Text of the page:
The Pressure is On

Seniors take a step back to determine what makes a good college application


Graphic by Emy Galustyan

Students wait for college decision letters in the mail after applying.

Meriam Meram, Copy Editor

Fall is here, which means the start of college applications for most seniors. With deadlines for many colleges being Nov. 1, seniors are finalizing their applications and gearing up to send to their colleges. Most of them include a set of general questions, an activities list and a general essay, with a prompt usually taken from the Common Application. Although many schools use prompts from the Common Application, some, such as the University of Chicago and many Ivy League schools, require supplemental and personal essays. This proves to be more of a struggle for many students.

Senior Benjamin Rush is working on writing his supplemental essays.

“I’ve written some of my essays, but the personal essays are probably one of the hardest parts of my applications,” Rush said.

Along with essays, most colleges require prospective students to send in their standardized testing scores from the ACT or the SAT. Since many schools like the University of Michigan and Michigan State University tend to be more competitive, with average ACT score ranging between 29-32 and 22-29 respectively, many students feel pressured to get high standardized test scores in order to have stronger applications.

Senior Husna Mohammed sees a lot of importance in these scores for more than just general college admissions.

“I think having a high standardized test score is really important because these scores can help you get into certain programs within a college like Med-Direct at Wayne State,” Mohammed said.
In recent years though, more universities are beginning to move away from looking at standardized test scores in their undergraduate applications. Instead, they are attempting to look at the applicant as a whole, outside of scores. In June 2018, the University of Chicago became one of the first universities to not require ACT or SAT scores in their undergraduate applicants. This begs the question whether standardized test scores should still be a large factor in college admissions.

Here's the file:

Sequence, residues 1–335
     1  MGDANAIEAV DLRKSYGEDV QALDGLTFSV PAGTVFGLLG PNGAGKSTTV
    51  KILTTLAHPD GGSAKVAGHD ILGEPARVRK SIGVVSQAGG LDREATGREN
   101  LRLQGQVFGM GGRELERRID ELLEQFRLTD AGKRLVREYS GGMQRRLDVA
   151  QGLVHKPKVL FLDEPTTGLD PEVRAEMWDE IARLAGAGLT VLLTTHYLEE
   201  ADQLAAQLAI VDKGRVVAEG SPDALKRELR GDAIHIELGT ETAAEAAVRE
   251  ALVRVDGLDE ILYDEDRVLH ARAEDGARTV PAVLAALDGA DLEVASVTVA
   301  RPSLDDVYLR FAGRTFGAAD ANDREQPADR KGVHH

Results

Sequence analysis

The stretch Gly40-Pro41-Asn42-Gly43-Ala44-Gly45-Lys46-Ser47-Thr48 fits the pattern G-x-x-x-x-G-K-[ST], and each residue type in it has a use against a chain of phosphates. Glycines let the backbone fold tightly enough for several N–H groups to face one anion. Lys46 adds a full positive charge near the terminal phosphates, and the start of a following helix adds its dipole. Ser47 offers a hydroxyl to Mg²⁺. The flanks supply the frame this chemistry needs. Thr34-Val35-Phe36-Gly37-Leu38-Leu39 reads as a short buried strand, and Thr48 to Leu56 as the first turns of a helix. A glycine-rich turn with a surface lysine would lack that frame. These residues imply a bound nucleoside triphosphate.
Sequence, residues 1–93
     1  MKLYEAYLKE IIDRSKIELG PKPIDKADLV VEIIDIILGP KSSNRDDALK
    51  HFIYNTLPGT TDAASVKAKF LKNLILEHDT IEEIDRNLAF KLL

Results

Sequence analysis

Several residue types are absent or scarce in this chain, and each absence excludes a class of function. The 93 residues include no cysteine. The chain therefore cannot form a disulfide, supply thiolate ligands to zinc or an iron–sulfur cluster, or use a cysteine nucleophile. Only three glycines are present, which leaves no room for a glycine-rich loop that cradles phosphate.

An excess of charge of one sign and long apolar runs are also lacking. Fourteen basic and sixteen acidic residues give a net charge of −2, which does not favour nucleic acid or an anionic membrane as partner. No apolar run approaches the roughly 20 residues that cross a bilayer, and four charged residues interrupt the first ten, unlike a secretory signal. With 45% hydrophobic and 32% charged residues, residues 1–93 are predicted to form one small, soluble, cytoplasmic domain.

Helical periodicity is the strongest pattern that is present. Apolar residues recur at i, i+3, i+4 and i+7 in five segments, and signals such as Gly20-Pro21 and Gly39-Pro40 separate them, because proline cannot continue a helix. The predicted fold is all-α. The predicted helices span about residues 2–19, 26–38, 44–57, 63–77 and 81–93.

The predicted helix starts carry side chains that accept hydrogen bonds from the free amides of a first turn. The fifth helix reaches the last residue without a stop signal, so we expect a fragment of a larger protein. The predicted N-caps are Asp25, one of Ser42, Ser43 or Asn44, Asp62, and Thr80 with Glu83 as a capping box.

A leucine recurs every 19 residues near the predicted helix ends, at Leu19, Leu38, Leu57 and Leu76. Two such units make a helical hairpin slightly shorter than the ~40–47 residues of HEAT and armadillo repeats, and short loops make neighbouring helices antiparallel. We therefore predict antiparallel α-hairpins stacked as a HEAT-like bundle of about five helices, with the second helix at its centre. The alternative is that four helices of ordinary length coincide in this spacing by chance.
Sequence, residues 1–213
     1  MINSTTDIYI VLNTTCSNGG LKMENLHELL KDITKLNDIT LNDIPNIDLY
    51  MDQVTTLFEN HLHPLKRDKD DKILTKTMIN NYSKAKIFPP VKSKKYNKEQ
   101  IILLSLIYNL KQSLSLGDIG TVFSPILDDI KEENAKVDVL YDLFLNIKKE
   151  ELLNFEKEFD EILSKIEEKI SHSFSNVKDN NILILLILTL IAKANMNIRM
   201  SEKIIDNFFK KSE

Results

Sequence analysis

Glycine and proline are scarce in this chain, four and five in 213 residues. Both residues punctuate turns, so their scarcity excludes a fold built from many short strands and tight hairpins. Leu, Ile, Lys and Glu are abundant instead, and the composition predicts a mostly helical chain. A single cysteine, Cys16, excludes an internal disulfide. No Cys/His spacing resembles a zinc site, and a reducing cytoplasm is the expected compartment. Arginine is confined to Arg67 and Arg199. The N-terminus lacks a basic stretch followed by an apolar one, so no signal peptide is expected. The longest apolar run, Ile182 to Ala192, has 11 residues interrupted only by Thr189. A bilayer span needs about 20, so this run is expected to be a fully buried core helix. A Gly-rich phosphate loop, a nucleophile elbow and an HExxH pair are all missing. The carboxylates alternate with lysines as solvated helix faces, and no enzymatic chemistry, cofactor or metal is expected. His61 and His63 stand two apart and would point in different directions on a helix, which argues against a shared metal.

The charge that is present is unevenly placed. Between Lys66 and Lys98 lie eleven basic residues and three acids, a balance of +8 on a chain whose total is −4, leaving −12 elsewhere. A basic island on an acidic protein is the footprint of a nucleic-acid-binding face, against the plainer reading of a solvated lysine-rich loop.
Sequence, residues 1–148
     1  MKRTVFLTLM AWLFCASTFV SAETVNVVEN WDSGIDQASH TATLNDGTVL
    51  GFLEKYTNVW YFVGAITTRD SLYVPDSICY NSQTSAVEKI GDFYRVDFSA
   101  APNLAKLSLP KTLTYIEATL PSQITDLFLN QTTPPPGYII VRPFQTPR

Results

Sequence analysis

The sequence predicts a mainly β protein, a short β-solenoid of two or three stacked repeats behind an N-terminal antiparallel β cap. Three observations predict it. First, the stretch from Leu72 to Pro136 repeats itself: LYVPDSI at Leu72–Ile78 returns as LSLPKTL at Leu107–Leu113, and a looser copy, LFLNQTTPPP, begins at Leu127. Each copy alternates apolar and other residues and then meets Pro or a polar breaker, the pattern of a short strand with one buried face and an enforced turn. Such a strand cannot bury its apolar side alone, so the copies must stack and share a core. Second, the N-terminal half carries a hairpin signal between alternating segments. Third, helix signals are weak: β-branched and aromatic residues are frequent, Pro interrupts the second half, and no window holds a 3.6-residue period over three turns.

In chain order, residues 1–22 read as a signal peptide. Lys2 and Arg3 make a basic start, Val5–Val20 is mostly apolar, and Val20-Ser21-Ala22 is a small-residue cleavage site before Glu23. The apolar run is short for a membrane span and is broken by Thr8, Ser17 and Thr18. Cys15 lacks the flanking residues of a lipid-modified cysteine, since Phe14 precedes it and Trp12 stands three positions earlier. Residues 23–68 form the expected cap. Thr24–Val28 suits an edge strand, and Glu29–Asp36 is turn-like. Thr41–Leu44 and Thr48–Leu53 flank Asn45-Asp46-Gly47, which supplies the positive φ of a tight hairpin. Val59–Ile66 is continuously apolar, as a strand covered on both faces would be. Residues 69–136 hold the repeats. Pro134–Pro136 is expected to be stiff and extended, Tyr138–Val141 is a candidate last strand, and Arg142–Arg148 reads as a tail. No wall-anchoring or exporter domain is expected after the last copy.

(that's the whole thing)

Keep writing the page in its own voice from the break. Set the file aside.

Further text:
Rush agrees with the University of Chicago’s actions when it comes to standardized test scores.

“I think these scores are important to some degree, but they shouldn’t just look at the scores,” Rush said. “There’s more to a student than their scores.”

If standardized test scores no longer become required on college applications, many wonder how colleges would judge applicants. In previous years, many students believed these scores may have been a make-or-break factor when it came to admissions. But now, standardized tests may have become a thing of the past.

Mohammed believes that colleges may have to look completely outside of an applicant’s school life when it comes to judging their applications.

“I believe the thing that makes a good application isn’t just grades and standardardized test scores, but extra curricular activities, what you do outside of school,” Mohammed said. “[The scores] aren’t a good representation of the student as a whole, scores and grades are only a part of who they are.”

On the other hand, Rush believes that the answer to admissions lies in the grades.

“The courses that you’re taking and the grades you got in those classes should be the most important part of an applcation,” Rush said. “It’s more represemtative of a student than just test scores.”